Trade, Interdependence, and Security in Asia
Ashley J. Tellis
This overview explores how growing levels of trade and interdependence fit into the grand strategies of Asian states and how changing economic relationships could affect regional stability.
Trade is a critical instrument in Asia's economic growth. China's explosive growth during the last three decades, in particular, has created a web of interdependence conducive to rapid growth, linking both friends and rivals. Even India and Russia, which previously had not emphasized foreign trade, now have focused on increasing links with the global economy.
- Complex and variegated growing trade dependence in Asia offers no assurance that interdependence will make violent conflict between states irrelevant.
- Asian states appear to view trading relations as vehicles to increase national wealth rather than as a means for procurement of collective security. These states have yet, however, to exhibit acute fears about their partners' relative gains from such relationships.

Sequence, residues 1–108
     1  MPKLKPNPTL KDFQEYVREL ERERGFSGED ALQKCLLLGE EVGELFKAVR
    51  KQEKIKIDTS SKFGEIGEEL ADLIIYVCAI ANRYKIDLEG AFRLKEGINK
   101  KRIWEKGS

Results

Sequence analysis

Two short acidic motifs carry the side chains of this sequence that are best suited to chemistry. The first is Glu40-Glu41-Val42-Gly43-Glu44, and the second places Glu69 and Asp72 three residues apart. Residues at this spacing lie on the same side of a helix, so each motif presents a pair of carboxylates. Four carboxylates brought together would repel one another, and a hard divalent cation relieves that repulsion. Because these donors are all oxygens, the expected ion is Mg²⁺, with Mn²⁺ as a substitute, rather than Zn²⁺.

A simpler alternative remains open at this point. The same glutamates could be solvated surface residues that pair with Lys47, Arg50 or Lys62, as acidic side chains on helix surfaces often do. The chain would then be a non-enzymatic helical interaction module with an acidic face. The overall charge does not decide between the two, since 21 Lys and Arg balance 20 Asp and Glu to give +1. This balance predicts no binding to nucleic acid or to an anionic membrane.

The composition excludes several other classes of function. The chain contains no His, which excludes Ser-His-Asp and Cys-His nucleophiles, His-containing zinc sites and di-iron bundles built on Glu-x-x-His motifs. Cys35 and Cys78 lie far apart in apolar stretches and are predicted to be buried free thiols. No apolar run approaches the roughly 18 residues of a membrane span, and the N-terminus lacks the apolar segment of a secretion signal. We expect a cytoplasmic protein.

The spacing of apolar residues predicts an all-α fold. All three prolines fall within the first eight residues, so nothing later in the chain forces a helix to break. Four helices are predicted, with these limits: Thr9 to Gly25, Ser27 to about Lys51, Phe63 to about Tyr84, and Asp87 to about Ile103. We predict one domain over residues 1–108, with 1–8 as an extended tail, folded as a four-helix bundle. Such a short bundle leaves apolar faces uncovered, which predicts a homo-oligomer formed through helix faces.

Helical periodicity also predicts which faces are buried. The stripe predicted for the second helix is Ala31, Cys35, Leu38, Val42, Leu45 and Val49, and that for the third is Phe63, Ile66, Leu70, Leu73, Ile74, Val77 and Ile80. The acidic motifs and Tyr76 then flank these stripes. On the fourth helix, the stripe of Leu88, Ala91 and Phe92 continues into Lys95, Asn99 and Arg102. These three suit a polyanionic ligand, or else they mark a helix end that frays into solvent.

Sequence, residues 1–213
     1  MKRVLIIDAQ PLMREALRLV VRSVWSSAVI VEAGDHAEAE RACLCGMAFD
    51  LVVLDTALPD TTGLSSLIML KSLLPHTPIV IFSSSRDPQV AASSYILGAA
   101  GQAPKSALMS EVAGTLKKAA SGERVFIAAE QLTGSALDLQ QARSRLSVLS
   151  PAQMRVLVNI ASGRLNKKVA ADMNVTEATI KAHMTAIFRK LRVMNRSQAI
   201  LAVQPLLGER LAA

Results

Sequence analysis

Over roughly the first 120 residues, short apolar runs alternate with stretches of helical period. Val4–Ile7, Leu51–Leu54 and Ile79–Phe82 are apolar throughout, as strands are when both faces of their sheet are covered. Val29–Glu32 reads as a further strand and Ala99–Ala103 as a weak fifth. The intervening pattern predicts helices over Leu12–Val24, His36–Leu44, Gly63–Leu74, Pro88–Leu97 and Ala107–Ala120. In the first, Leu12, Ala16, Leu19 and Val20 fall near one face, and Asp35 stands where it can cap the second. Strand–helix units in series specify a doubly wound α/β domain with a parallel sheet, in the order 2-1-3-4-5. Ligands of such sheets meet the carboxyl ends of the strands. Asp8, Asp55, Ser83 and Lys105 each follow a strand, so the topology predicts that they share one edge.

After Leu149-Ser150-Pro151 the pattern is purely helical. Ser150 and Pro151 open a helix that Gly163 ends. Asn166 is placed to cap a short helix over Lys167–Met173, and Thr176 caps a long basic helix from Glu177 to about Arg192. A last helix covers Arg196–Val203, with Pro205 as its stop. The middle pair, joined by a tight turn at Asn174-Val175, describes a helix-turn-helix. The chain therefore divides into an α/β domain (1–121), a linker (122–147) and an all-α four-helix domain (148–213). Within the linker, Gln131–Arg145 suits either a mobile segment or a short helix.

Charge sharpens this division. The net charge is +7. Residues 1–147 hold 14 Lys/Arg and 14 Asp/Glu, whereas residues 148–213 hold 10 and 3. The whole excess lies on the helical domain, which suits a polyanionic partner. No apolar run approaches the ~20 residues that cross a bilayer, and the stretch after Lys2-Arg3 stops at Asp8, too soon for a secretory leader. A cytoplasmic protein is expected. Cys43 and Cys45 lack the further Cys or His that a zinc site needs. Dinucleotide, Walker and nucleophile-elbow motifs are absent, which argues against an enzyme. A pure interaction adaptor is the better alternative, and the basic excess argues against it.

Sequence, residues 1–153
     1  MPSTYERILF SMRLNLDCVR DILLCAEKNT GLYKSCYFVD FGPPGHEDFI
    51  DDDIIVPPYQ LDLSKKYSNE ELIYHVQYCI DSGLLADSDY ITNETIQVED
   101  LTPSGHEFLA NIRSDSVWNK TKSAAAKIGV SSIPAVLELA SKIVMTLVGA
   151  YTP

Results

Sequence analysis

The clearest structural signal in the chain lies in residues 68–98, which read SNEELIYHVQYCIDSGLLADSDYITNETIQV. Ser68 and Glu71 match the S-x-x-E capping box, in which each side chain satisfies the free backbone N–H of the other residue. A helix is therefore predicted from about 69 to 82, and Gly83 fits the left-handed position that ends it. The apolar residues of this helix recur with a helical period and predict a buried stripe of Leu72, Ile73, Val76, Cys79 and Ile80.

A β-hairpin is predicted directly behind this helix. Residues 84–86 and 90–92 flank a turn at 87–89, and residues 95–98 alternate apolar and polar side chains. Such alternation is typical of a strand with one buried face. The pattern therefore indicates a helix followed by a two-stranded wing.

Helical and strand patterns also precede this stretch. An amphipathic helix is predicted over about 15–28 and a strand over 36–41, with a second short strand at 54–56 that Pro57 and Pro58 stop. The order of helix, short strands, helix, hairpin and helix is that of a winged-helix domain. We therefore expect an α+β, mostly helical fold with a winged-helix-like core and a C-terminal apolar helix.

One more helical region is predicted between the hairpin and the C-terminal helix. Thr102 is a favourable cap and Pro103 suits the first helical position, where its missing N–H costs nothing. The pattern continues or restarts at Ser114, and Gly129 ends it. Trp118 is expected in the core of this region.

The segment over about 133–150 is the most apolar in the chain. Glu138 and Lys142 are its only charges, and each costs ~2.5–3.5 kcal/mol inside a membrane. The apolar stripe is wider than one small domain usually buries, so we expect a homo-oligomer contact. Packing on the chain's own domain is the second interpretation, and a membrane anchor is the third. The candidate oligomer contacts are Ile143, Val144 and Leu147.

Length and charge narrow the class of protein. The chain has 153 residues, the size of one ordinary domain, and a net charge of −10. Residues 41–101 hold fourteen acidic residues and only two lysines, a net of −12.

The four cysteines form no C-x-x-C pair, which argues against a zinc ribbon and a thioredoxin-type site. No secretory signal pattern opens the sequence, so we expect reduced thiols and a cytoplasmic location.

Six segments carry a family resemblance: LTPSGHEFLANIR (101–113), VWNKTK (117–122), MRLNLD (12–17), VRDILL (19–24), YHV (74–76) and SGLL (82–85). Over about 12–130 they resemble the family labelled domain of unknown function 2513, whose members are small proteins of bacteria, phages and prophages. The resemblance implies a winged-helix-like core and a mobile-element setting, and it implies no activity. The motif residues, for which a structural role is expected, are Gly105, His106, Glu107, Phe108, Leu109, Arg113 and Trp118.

- This nonchalance may derive from three judgments relevant to the future of Asia: (1) The primacy of the United States is robust enough to ensure that differentials in relative gains are strategically insignificant; (2) Asian states expect regional peace to continue, thereby strengthening positive expectations for future trade; and (3) even if gains are diverted to military purposes in some states (such as China), these states do not yet pose consequential military threats and could potentially be contained without forgoing profitable trading relationships.
- Since Asian leaders appear content to straddle the divide on interdependence versus security, Asian countries will continue to enjoy gains from international commerce so long as these two goals are not perceived to be in absolute conflict.